The photo films from Living in Direct Provision premiered at the Irish Film Institute (IFI) in Dublin to an audience of policymakers, migration scholars and activists, and family and community members. Migration scholar Ronit Lentin noted that the stories were exemplary of research as the art of listening. They have screened at the Guth Gafa International Documentary Film Festival and internationally at conferences in the Americas and Europe.

The Irish government introduced the “Direct Provision Accommodation and Dispersal” system in April 2000 as an “emergency” or provisional system. Implementation of this system meant that adults could no longer work and study while awaiting a decision on their application for refugee status, rendering these individuals dependent on the State’s provision of food, accommodation, and weekly allowance. Individuals and families seeking protection were no longer entitled to live independently; instead, people who seek protection are placed in privately-run accommodation centers–often in isolated, rural areas, fostering state-mediated exclusion from Irish society. Since the beginning of the policy twenty years ago, Irish scholars, legal advocacy organizations, and community-based groups have widely criticized the direct provision system and called for the development of a systemic and comprehensive immigration policy that upholds national and international laws and conventions. For example, according to a 2003 report from the Free Legal Advice Centre (FLAC), the direct provision system “is gravely detrimental to the human rights of a group of people lawfully present in the country, and to whom the government has moral and legal obligations under national and international law.”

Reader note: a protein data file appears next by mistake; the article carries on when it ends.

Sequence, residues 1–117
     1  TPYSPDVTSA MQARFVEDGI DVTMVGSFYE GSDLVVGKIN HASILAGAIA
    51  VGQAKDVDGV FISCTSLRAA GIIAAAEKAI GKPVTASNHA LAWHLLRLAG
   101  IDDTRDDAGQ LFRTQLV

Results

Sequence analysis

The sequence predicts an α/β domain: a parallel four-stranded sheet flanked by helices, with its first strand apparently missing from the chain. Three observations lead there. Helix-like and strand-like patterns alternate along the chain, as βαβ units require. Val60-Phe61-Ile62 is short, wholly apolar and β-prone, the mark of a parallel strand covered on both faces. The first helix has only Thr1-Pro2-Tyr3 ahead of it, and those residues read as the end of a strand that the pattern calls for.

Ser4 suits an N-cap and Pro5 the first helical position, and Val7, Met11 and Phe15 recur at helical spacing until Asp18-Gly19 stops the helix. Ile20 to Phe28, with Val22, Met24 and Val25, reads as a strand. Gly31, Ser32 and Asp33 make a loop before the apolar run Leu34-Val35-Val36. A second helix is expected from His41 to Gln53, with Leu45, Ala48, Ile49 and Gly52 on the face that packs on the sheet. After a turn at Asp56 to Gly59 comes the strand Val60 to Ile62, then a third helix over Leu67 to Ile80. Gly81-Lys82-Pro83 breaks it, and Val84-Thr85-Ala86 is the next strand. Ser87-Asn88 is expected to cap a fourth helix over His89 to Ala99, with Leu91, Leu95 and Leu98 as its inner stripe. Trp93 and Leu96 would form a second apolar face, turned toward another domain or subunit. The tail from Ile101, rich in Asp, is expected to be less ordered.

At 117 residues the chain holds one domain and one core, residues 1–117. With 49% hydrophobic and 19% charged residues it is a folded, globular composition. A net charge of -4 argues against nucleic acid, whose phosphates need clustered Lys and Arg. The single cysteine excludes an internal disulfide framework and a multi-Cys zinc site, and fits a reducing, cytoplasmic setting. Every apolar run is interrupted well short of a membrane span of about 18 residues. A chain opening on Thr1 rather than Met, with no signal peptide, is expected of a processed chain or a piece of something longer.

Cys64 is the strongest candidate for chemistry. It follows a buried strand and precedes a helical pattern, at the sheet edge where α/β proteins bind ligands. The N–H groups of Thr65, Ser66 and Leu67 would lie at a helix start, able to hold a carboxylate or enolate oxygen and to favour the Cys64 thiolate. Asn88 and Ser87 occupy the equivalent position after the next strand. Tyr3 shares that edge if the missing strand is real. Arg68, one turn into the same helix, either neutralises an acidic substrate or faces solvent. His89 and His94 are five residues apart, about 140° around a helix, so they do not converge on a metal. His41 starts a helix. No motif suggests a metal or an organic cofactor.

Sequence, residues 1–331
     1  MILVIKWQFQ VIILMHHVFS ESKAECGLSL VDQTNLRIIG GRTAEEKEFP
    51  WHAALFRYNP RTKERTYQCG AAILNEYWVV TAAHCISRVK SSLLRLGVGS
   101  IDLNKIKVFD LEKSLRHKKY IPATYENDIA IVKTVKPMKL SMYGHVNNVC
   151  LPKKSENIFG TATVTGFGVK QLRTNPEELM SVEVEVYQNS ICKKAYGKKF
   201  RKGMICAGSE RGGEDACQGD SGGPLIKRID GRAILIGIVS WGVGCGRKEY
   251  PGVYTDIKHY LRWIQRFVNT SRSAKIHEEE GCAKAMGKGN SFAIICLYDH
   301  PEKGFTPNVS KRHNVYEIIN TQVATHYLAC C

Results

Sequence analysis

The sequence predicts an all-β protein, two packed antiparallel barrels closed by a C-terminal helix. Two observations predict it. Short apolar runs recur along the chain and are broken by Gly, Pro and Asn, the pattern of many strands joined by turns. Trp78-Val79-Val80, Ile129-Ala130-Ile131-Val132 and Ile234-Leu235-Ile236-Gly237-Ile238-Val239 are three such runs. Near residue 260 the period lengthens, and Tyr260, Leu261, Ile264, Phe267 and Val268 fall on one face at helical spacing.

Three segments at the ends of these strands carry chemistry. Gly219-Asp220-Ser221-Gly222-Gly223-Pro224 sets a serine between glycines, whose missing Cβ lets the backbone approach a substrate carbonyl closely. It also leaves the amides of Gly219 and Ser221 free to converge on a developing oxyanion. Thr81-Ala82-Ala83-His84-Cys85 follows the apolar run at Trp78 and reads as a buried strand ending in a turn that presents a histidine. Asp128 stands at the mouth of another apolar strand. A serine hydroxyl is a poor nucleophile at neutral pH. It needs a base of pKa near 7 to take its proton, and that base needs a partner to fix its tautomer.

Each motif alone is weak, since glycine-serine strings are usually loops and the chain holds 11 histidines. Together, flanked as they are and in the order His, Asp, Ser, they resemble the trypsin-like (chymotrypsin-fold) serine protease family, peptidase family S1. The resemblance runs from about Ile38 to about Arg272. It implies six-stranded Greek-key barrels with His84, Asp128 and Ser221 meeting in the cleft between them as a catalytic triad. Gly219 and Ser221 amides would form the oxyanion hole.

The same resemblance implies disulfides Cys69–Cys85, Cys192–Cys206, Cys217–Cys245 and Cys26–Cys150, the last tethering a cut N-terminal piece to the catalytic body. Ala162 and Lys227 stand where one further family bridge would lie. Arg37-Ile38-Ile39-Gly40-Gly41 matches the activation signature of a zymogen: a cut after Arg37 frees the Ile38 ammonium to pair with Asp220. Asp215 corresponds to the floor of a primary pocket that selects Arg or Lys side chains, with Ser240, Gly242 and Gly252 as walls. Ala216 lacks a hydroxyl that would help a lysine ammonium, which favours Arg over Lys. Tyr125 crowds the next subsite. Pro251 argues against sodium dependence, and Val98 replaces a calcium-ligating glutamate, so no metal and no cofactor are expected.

For further information about refugee and asylum concerns in Ireland, see the Irish Refugee Council website.

Living in Direct Provision Credits:

Director, Researcher and Workshop Facilitator – Darcy Alexandra
Executive Producers – Aine O’Brien, Alan Grossman
Post Production Supervisor – Aodán O’Coileáin
Workshop Contributors and Instructors – Darcy Alexandra, Aodán O’Coileáin, Keith Feighry, Veronica Vierin
Sound Technician – Spyros Kousidis
Collaborating Agency Coordinators: Monica Anne Brennan, Maeve Burke, Francesco De Salvia, Wale Mogaji
Funded by the Forum on Migration and Communication, in partnership with Refugee Information Service and Integrating Ireland